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Late Schumann and early Brahms

Schumann: 6 Lieder Op 107; Gedichte der Konigen Maria Stuart Op 135

Brahms: Liebestreu; In der Fremde; Lied; Parole; Anklänge; Juchhe! Murrays Ermordung; Nachtigallen schwingen lustig; Wie die Wolke nach der Sonne; Der Frühling; Volkslied; Die Trauernde; Liebe und Frühling I & II


Kate Royal – soprano

Christopher Glynn – piano


Wigmore Hall 7 May 2009

Indisposition had forced Graham Johnson to step down from this concert but the programme, with it’s elaborately interconnected threads, was obviously of his devising and the elucidating comments that he would no doubt have added left an undefined hollowness in the proceedings. 


Schumann’s Op 107 Lieder, more specifically a song entitled “Heartbreak” with references to the drowned Ophelia, really set the tone for the whole evening.  The group of Brahms lieder that followed picked up on the theme with it’s opening words “Oh drown your grief”, although Brahms’ natural ebullience was barely concealed.  His Anklange, with it’s girl spinning silken threads for her wedding dress, effectively echoed Schumann’s Die Spinnerin and there were other cross references to be discovered and enjoyed.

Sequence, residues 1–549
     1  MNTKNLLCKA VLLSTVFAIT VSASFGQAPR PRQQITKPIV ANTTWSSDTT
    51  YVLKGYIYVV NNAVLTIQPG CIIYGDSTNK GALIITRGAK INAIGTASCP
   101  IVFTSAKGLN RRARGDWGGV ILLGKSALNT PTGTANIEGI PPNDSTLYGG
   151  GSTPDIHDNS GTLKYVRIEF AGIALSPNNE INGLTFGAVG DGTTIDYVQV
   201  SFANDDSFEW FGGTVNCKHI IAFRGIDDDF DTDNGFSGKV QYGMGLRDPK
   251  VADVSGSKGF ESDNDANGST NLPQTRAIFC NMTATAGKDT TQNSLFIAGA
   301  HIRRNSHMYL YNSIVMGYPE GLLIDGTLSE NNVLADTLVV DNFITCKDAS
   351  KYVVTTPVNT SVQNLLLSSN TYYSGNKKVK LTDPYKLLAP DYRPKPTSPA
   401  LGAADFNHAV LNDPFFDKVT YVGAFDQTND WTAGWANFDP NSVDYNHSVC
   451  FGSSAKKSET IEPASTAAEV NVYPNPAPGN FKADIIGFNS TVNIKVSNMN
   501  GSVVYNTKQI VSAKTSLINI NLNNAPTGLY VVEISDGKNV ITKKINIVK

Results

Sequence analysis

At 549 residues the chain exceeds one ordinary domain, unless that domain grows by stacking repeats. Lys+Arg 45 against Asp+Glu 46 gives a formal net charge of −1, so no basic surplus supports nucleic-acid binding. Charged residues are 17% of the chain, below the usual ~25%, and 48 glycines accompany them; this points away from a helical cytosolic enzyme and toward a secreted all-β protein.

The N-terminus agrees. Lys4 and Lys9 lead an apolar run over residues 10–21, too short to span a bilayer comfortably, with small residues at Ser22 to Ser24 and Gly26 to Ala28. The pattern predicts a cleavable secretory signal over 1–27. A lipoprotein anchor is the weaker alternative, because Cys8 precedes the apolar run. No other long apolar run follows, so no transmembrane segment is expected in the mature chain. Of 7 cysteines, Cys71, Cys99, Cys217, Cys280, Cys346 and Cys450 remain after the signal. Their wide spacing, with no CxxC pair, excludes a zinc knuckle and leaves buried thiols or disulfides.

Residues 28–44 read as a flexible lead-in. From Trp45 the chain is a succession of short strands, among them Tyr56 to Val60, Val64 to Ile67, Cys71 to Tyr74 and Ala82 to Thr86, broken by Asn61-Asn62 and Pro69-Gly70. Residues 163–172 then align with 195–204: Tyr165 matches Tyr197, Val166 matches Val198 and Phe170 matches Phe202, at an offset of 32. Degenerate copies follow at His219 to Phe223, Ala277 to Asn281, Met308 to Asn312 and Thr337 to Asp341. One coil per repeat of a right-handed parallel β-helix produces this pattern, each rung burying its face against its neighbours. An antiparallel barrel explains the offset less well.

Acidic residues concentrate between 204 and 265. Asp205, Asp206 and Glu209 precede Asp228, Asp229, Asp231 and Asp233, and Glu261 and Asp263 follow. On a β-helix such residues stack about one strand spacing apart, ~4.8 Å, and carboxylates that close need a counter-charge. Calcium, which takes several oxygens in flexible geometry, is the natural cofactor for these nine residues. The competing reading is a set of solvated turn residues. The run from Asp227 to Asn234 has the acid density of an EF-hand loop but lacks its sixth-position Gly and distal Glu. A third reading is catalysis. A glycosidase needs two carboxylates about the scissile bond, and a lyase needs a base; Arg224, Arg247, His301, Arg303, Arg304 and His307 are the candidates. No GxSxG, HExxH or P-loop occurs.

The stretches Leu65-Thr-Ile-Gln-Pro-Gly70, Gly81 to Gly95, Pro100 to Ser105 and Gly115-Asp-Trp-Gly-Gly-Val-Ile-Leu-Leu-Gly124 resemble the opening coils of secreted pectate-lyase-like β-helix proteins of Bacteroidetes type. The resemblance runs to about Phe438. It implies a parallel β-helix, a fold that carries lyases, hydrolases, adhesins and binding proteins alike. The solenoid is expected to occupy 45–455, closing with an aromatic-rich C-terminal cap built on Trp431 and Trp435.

Juchhe provided a rare moment of rejoicing to despatch the audience to the interval to fortify themselves for the sterner moments that were to follow in the second half.


The five poems of Mary Queen of Scots make surely one of the bleakest, and most beautiful, of all short song cycles.  Fear, loneliness and despair wrack the ill-fated queen as she bids farewell both to her beloved France and later to the world.  On this occasion Brahms’ setting of the Scottish folksong “The bonnie Earl o’Moray” was interpolated between the second and third songs, historically appropriate but, to mind at least, detrimental to the unity of the cycle. 


A pleasant grouping of Brahms love songs completed the scheduled programme, but failed to lift the mood.  However, the encore Early One Morning, with its direct simplicity and its insidious tune, proved the highlight of the evening. It sent us home with spirits uplifted and several people were still humming it gently on the platform of the Jubilee Line as they waited for their train. 


Kate Royal is a singer with formidable technique, near perfect diction and a voice of pure gold.  During the years that I have been watching her she has developed a more narrative style on the concert platform that helps her to communicate effectively with her audience.  Christopher Glynn has long been one of may favourite accompanists and it was a delight to hear him on this occasion.


Serena Fenwick


See also Kate Royal's 2006 Wigmore Hall recital [Editor]